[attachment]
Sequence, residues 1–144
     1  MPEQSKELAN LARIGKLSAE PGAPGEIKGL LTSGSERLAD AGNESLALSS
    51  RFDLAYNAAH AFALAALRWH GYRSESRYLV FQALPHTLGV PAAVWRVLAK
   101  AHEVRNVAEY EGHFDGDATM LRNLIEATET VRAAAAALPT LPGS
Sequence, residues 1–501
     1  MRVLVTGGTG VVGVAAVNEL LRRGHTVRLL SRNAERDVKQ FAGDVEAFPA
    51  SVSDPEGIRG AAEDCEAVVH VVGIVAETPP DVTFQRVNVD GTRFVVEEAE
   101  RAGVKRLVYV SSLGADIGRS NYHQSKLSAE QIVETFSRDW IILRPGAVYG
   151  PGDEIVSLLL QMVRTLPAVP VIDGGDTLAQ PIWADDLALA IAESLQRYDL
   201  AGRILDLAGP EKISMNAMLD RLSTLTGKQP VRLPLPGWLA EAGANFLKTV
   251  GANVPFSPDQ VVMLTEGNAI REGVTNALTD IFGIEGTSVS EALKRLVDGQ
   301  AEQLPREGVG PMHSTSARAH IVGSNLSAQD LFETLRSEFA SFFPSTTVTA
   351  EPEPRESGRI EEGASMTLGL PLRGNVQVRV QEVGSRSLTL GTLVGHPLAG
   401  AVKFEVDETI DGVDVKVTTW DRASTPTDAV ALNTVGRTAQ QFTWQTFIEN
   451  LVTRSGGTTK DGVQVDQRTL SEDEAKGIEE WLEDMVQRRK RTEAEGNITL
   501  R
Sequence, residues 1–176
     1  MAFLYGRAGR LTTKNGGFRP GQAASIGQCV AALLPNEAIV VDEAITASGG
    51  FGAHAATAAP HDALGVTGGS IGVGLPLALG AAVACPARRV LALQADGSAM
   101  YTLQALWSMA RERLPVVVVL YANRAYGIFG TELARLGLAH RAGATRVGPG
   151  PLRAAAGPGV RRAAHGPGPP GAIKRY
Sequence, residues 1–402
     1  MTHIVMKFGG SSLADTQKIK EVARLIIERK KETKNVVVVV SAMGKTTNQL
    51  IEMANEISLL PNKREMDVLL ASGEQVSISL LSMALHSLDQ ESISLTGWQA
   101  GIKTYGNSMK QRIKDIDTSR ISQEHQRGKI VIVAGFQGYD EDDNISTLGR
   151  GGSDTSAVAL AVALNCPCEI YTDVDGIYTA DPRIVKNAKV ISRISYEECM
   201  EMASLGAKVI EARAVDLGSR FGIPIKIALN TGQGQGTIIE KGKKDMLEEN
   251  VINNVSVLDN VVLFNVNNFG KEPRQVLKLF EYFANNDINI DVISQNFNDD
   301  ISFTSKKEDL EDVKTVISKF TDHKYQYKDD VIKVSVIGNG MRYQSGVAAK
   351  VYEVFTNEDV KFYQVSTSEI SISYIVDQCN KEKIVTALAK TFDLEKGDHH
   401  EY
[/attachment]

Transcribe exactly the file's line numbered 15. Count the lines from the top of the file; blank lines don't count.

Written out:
   451  LVTRSGGTTK DGVQVDQRTL SEDEAKGIEE WLEDMVQRRK RTEAEGNITL